Saudi father urged to help son in Guatemala

Updated 02 February 2016

Saudi father urged to help son in Guatemala

RIYADH: A Guatemalan woman has appealed to the Saudi father of their three-year-old son to meet his responsibilities and sign documents that would allow the little boy to attend school and travel.

Mandre Chang, the mother of Sami, said that his father had signed a document acknowledging paternity, but now needs to do his duty by sorting out other documentation.
In an interview with Arab News, Chang said she has to pay a fine of $10 a day because the boy does not have legal documents to attend school in Guatemala. He also cannot get dual citizenship without his father’s permission.
Chang met the Saudi citizen, who cannot be named for legal reasons, when they were students in Minnesota in the United States in 2011. They had a relationship, which he later called off, said Chang.
Chang said that she had contacted the Saudi Embassy and explained her situation. She was referred to a lawyer and was able to contact Sami’s father’s family in the Kingdom through social media.
It was then arranged for DNA samples to be taken from Sami to determine whether he was their relative. Chang said she complied and the samples were sent through to Riyadh. Sami’s father then signed a document acknowledging he was the father.
“I am trying to provide the best for my son. I don’t want money or anything else from his father, other than his signature to finalize my son’s legal documents. It is not fair that Sami has to suffer because of his father’s mistakes. He is destroying his life. My son deserves to be free to travel and go to school,” she said.
Chang has highlighted her case on the website saudichildrenleftbehind.com, where she complained about the way she was treated. She was also interviewed on Sky News Arabia about her attempts to have the father of her son take up his responsibilities.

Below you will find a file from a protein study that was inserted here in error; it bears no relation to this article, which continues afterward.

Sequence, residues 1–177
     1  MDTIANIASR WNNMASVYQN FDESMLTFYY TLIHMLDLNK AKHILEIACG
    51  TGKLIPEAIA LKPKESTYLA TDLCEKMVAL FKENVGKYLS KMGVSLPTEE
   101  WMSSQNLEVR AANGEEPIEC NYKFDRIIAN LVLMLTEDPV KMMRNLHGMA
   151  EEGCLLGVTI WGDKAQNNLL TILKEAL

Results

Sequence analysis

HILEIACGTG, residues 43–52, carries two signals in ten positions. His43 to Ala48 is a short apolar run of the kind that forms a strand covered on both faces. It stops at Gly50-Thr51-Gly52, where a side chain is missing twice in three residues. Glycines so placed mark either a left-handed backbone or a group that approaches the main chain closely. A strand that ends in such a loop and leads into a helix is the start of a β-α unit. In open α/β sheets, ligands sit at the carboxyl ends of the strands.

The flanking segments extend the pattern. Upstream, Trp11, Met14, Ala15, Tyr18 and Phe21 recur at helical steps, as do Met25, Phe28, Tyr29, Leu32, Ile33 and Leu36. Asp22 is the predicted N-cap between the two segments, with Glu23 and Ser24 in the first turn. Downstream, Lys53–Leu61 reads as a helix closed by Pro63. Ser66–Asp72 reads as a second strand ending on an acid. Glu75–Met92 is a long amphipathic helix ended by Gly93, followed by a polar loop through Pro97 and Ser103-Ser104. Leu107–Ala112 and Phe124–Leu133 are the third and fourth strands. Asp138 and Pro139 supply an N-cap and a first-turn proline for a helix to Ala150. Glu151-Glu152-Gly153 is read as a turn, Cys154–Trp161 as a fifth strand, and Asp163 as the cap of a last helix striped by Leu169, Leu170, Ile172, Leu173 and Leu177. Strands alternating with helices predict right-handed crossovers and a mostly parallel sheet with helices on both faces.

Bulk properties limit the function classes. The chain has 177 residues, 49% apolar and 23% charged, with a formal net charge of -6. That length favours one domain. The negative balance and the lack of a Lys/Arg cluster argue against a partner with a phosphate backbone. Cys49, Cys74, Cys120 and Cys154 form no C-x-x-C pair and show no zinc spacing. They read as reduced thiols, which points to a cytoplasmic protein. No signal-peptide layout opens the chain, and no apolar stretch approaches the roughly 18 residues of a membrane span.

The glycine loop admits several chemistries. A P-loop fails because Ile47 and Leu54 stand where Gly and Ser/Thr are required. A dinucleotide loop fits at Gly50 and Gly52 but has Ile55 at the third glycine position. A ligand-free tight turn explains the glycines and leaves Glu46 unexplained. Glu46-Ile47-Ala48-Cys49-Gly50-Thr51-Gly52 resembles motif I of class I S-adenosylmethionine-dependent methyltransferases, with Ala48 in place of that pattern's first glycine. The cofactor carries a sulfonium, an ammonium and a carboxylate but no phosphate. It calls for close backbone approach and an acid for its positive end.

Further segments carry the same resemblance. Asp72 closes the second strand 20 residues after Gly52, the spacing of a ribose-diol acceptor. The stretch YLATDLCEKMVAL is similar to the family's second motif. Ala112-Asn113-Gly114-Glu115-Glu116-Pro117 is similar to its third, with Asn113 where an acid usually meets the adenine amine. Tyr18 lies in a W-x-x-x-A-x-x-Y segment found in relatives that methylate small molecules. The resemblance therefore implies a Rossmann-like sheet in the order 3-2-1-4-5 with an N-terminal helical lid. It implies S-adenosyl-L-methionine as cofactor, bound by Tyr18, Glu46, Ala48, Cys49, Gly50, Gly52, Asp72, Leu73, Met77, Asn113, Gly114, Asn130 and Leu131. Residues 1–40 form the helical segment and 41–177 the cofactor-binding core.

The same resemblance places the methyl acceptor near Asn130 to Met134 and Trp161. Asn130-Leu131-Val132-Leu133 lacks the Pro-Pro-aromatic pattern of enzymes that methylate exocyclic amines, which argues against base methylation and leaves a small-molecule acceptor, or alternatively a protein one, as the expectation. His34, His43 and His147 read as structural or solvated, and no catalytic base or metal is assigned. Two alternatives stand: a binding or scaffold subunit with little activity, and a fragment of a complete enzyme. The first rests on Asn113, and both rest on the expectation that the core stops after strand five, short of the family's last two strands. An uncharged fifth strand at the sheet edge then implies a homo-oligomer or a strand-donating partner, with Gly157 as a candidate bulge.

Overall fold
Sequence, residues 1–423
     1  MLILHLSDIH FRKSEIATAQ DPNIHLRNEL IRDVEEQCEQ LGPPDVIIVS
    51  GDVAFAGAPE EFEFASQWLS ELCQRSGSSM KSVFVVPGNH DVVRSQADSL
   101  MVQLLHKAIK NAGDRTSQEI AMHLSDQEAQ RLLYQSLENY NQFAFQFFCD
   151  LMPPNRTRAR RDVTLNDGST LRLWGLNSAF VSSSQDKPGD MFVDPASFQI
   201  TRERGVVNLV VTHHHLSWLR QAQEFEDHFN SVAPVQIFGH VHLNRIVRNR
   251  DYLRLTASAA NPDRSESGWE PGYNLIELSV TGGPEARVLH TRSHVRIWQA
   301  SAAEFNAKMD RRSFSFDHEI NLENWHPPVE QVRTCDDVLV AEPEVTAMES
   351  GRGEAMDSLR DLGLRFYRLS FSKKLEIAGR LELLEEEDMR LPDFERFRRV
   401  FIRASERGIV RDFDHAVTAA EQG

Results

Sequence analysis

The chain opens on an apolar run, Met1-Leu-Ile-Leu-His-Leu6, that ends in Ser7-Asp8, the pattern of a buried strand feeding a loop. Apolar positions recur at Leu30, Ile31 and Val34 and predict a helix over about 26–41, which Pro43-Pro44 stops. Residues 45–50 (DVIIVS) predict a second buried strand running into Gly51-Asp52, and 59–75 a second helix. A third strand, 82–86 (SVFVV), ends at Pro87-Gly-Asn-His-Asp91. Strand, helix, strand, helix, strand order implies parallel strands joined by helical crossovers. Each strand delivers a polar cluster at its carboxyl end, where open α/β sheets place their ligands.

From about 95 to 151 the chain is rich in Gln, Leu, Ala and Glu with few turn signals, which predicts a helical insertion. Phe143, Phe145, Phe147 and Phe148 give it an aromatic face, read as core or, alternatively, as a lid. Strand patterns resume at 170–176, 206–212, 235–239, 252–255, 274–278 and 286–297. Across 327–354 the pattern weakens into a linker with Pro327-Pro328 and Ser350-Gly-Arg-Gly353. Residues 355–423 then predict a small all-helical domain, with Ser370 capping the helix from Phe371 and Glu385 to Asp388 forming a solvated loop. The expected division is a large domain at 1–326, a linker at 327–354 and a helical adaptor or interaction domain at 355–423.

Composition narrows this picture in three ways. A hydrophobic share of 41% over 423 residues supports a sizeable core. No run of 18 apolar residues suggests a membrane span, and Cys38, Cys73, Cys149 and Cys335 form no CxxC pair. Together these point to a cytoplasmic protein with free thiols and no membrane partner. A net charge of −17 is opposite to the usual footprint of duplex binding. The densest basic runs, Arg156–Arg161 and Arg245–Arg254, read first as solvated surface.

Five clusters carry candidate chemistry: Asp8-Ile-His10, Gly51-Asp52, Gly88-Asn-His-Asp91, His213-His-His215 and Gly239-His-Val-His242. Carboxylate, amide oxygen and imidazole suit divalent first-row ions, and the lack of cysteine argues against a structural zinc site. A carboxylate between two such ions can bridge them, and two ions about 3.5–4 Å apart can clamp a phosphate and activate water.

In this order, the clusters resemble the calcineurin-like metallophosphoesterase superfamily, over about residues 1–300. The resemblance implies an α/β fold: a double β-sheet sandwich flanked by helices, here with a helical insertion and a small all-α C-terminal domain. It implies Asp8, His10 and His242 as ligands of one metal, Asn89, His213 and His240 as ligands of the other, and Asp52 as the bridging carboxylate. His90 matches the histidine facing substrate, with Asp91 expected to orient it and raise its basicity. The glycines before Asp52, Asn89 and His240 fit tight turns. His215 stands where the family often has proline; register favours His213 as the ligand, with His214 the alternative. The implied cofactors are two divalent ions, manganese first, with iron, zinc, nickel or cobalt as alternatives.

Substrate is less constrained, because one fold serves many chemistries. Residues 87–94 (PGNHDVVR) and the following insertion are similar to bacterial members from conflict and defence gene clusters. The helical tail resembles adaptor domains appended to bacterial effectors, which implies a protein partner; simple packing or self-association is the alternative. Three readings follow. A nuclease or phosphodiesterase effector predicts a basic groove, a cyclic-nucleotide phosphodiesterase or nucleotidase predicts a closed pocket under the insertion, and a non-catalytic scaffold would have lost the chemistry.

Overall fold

Saudi investors share expertise on Saudi corporate VC opportunities

Updated 27 November 2020

Saudi investors share expertise on Saudi corporate VC opportunities

JEDDAH: The two-day Step Saudi 2020 event featured two prominent Saudi figures in the field of investment on the second day.
Hashim Al-Awadi, CEO of Tech Invest, and Salman Jaffery, chief investment officer at Saudi Aramco Entrepreneurship Ventures, both shared their expertise, with the latter saying it is more beneficial for corporations to start a venture capital (VC) arm than invest from their current mergers and acquisitions arm (M&A).
Managing partner at Class 5 Global, Zach Finkelstein, who moderated the session on the second day of the event, said the San Francisco-based venture fund invested in a number of companies in the Middle East.
“The Middle East is particularly interesting to us, and in the past, our partners have invested in such regional companies as Careem. We’re excited to explore the development of the corporate VC space and how it can impact places like Saudi Arabia,” he added.
When asked why a corporation should start a VC arm instead of investing from an M&A team, and why have a separate corporate Venture Capital arm in the first place, Jaffery answered that “it brings faster results.”
“I think the easiest answer to that is just speed and agility,” he said. “Getting that response quickly to the market. VC deals can take weeks or months whereas an M&A transaction can take up to a year or longer, and also similarly, if you’re trying to then come out of it, it’s harder to come out of a joint venture agreement or an M&A as opposed to a VC.”
Al-Awadi explained his opinion a traditional VC perspective, and said: “We like the fact that corporations can invest from both their M&A arms and their VC arms if they have them.”
He highlighted that VC arms can invest in a greater variety of companies. “You have the intelligence, you know the market and if you’re looking at specific technology where we don’t have a lot of expertise we trust that you (other venture capitalists) know the market and you can evaluate that technology better to see if it has the capability and potential for growth or not.
“Eventually, you do have an M&A arm that will provide an exit for us, for an incentive for this company to work hard to grasp the intention after having been invested in by the VC arm of this big corporate to maybe look into making a partial agreement or complete acquisition, which really adds an incentive for the company to grow and attracts other investors and also attracts talent to join the company and help it grow even more.”
He said both the VC and M&A arm are important for company growth. “We tend to look at corporate investors through both arms as complementary to what we do when we have both of them around.”
The Kingdom has obtained a high reputation among investors internationally through the years, especially after the economic and social reforms of Saudi Vision 2030.
Step Saudi is home to the Kingdom’s best entrepreneurs, investors, creatives and digital enthusiasts. The last edition of Step Saudi featured four content tracks, more than 100 startups and over 1,500 attendees.